Artificial Photosynthesis

Man, since long, has tried to implement the methods of nature but nothing that the man does has the same perfection as that of nature.

No factory can generate water pure as the coconut trees or water melons.

Studies have shown that the brain of a person has greater storage and processing capacity when compared to a computer. The olfactory receptors of the dog are more sensitive than any sensor science has ever been able to develop. The early warning systems seem primitive when compared to the sixth sense animals possess. And yes, no one has reached an energy production system as efficient as the photosynthesis.

Yes the new phrase is Artificial Photosynthesis.

We are all aware of the energy crisis we live in and of the innumerable alternative sources of energy that are being thought of, implemented and yet, do not satisfy the needs of a thriving world. It is definitely the necessity of the hour to explore alternative sources of energy as the countries of the world prosper and the fuels diminish. It is true that we are now aiming towards utilization of various other alternative methods. But if we look at it on long–term basis, we find that solar power cannot produce industrial quantities of electricity; the tide is turning against wind turbines because they spoil the landscape and too many would be needed to replace conventional generators; Nuclear energy remains in the doldrums and fossil fuels continue to threaten global warming.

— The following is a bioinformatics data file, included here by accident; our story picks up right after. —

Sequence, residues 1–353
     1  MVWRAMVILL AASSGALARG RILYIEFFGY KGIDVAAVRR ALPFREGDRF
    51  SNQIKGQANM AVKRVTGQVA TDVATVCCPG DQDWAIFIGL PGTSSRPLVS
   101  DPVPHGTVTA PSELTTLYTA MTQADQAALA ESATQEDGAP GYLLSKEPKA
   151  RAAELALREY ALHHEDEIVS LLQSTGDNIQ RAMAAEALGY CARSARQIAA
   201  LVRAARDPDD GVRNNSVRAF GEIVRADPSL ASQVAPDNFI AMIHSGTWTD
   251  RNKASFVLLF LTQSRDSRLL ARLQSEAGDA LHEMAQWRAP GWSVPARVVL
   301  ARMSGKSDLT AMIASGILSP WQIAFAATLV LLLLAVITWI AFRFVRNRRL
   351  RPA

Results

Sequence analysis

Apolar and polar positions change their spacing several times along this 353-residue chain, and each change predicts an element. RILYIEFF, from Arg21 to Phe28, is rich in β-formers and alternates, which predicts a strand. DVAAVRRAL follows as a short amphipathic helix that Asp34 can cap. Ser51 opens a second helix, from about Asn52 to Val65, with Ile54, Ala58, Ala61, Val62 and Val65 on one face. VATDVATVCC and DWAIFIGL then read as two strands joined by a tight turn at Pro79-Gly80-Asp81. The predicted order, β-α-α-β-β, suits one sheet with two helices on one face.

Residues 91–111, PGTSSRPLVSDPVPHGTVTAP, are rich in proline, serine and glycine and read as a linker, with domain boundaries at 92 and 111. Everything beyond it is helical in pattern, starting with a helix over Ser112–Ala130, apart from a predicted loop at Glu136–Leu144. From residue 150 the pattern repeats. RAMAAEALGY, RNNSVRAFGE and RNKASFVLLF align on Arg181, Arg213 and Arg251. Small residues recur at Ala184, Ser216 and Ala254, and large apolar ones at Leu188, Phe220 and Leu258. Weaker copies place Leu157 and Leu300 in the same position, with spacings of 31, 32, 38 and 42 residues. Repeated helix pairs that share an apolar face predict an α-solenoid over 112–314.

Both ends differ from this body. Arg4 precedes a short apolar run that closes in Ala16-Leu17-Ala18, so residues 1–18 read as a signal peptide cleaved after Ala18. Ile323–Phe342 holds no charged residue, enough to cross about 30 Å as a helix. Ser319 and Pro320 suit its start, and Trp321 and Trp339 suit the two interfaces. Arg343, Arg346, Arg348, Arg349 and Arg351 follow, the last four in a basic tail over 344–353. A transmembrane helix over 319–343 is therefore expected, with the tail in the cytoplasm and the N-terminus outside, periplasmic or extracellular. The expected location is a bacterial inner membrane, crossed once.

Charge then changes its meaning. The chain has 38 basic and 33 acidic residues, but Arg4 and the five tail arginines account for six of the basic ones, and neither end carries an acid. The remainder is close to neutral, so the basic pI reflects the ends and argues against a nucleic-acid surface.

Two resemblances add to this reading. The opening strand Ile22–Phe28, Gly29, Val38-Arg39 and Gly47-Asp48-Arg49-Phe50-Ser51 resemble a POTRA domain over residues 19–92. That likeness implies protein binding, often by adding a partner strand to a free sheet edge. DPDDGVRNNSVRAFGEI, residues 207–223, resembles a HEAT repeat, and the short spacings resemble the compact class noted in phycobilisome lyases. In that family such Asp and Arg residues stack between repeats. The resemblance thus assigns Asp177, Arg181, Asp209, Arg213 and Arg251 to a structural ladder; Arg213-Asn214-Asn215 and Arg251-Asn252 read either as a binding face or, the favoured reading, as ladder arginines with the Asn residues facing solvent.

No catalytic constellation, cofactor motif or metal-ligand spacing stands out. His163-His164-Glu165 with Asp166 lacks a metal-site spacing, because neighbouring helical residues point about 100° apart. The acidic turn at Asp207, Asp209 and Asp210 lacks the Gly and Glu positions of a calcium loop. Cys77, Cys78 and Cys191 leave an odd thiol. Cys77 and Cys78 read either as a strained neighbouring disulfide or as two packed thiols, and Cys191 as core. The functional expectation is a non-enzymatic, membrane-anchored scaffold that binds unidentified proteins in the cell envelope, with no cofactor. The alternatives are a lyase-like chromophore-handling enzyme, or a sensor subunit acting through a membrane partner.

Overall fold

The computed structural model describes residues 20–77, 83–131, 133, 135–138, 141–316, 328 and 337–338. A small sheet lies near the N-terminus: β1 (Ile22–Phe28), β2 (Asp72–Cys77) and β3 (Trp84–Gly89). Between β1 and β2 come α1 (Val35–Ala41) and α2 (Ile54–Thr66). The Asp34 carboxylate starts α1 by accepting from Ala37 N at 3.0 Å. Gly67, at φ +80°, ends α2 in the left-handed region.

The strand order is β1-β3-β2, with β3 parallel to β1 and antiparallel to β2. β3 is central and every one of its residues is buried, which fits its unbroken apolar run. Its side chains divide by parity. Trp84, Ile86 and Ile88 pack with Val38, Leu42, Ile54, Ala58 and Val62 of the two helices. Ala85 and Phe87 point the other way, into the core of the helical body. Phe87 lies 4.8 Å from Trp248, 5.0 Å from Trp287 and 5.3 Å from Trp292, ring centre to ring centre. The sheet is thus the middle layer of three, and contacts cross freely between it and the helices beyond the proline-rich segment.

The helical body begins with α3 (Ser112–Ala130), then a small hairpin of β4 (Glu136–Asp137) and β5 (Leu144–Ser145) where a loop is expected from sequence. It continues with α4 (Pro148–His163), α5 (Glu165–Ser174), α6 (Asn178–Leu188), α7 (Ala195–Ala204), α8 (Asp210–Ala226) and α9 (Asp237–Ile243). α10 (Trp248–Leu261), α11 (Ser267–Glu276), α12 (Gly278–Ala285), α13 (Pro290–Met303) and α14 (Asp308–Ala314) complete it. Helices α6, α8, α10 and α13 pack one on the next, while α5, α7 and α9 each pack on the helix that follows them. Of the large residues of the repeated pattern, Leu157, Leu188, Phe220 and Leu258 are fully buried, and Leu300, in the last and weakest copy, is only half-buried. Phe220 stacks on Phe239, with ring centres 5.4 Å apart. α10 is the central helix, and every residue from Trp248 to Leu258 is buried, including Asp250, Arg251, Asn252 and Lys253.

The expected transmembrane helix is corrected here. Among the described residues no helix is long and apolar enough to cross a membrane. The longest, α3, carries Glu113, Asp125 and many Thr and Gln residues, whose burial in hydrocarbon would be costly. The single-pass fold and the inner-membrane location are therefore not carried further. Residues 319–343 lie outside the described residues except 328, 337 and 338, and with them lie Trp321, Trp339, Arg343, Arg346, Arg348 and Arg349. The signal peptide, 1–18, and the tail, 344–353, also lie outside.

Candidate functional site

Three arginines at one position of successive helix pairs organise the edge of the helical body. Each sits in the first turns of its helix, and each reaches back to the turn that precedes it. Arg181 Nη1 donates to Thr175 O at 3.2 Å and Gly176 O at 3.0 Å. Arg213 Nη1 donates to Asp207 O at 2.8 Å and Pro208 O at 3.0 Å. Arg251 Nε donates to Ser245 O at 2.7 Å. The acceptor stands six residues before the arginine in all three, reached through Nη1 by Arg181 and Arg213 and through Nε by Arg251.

Hydrogen is regarded as the energy carrier of the future. The automobile industry, for example, is working hard to introduce fuel cell technology starting in approximately the year 2010. However, a fuel cell drive system can be really environmentally friendly only if researchers succeed in producing hydrogen from renewable sources.

In such a situation, a new contender in the field is the harnessing of photosynthesis! The idea is to create an artificial system that exploits the basic chemistry of photosynthesis in order to produce hydrogen or other fuels both for engines and electricity. Hydrogen burns cleanly, yielding just water and energy. There is also the additional benefit that artificial photosynthesis could mop up any excess carbon dioxide left over from our present era of profligate fossil fuel consumption. Thus, it prevents global warming as well.

The artificial photosynthesis systems will mimic the water-splitting chemistry of natural photosynthesis. Artificial systems will use metals such as ruthenium and iron to capture light and provide a scaffold for the water-splitting core. But the core itself would be based on manganese.

One of the major challenges to be overcome is the formation of aggressive substances in the process of water oxidation which can be easily overcome by a plant by replacing its green catalysts but not so easily artificially. Good news is that on March 27, 2008, a team from Research Centre Jülich, member of the Helmholtz Association, and from Emory University in Atlanta, USA has created a new inorganic metal oxide cluster with a core consisting of four ions of the rare transition metal ruthenium catalyses the fast and effective oxidation of water to oxygen while remaining stable itself. Now the challenge is to integrate this ruthenium complex into photoactive systems, which efficiently convert solar energy into chemical energy.

So hopefully, in the near future, man will be able to generate energy successfully through artificial photosynthesis. But the question remains, can man achieve the efficiency of nature?

Ayushi Uberoi


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